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The Talent Code: Greatness Isn't Born. It's Grown. Here's How. Hardcover – April 28, 2009
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Journalist Coyle travels the world to discover the truth about talent in this fascinating account that studies how individuals can unlock their full potential and bring their talents to light. The discoveries put forth by Coyle come down to three main elements: coaching, motivation and practice. While these hardly seem like breakthroughs, Coyle's discovery process proves fascinating. Providing detailed examples from a variety of different sources, Coyle's work becomes as motivational as the stories he presents. John Farrell reads with a voice that is at once firm yet highly identifiable. The resulting recording serves as a fine instructional guide for those searching for how to fulfill their dreams. A Bantam hardcover (Reviews, Apr. 6). (Apr.)
Copyright © Reed Business Information, a division of Reed Elsevier Inc. All rights reserved. --This text refers to the Audible Audio Edition edition.
"I only wish I'd never before used the words 'breakthrough' or 'breathtaking' or 'magisterial' or 'stunning achievement' or 'your world will never be the same after you read this book.' Then I could be using them for the first and only time as I describe my reaction to Daniel Coyle's The Talent Code. I am even willing to 'guarantee' that you will not read a more important and useful book in 2009, or pretty much any other year. And if all that's not enough, it's also 'a helluva good read.'"—Tom Peters, author of In Search of Excellence
"This is a remarkable—even inspiring—book. Daniel Coyle has woven observations from brain research, behavioral research, and real-world training into a conceptual tapestry of genuine importance. What emerges is both a testament to the remarkable potential we all have to learn and perform and an indictment of any idea that our individual capacities and limitations are fixed at birth."—Dr. Robert Bjork, Distinguished Professor and Chair of Psychology, UCLA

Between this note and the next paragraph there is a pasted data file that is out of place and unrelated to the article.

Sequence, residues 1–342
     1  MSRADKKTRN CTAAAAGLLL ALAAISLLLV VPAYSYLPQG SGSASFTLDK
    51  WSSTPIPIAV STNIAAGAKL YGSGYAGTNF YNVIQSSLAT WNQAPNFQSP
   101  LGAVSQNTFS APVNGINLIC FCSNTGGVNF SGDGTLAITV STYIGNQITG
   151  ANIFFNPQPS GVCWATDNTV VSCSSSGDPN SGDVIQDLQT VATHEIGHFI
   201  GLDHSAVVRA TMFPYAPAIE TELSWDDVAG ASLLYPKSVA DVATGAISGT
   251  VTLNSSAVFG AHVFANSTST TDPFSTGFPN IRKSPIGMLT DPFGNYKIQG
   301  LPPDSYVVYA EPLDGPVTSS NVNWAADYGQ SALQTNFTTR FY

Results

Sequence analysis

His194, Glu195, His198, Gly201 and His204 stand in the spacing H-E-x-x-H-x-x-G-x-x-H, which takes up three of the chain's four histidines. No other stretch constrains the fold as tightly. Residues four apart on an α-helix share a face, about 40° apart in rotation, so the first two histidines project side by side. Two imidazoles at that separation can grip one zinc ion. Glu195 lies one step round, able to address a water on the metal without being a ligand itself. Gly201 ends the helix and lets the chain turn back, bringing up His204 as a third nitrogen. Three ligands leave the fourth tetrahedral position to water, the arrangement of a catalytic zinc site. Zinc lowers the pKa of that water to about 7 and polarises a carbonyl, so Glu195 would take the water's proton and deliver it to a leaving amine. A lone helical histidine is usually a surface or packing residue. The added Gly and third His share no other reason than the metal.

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The first thing is the introduction to myelin. We all know that to master any topic, the level of difficulty needs to be progressively increased and practice s much as possible . . But if you want to know what it does to your brain cells , read this book and probably one would start to make oneself uncomfortable by choice. (Remember who moved my cheese ). While Daniel gives evidences of how this impacts formation of myelin, but the overall discussion on myelin remains limited and narrow
This book also gave me some key insights on efficacy of longer study schedule versus shorter study schedule and frequent testing. And also the role of commitment in learning progress. The need to adapt coaching methodology (suzuki violin method to GPS method) highlighted the different ways in which the brain looks at various skills.
The methodology around KIPP was also interesting. While Malcolm Gladwell had introduced us to it in his book 'Outliers ' , but Daniel gives us a good DNA of the same.
But the bottomline which Daniel wants to drive is that greatness is not a matter of genetics. It arises from a development of commitment (how that is triggered is still an enigma in this book) and practice. And if one is lucky enough to get a master coaching (like Ms Mary ) , a talent would be borne.
Some the ironies in the book (or maybe in life) was the approach of some of the masters towards prediction of individuals. While Jensen says it is difficult to say how an individual will end up, Linda Septien and for that matter even Mertinez feel that they can size up the talent pretty fast (like 20 seconds !!). The approach of Martinez to chat with the family to get a sense of commitment was interesting, but could be controversial. It would take a real master to separate the wheat from the chaff from such interaction.
My personal take away from this book is about the appropriate language and approach for motivation- as a mentor to team and as a parent.
Give it a read!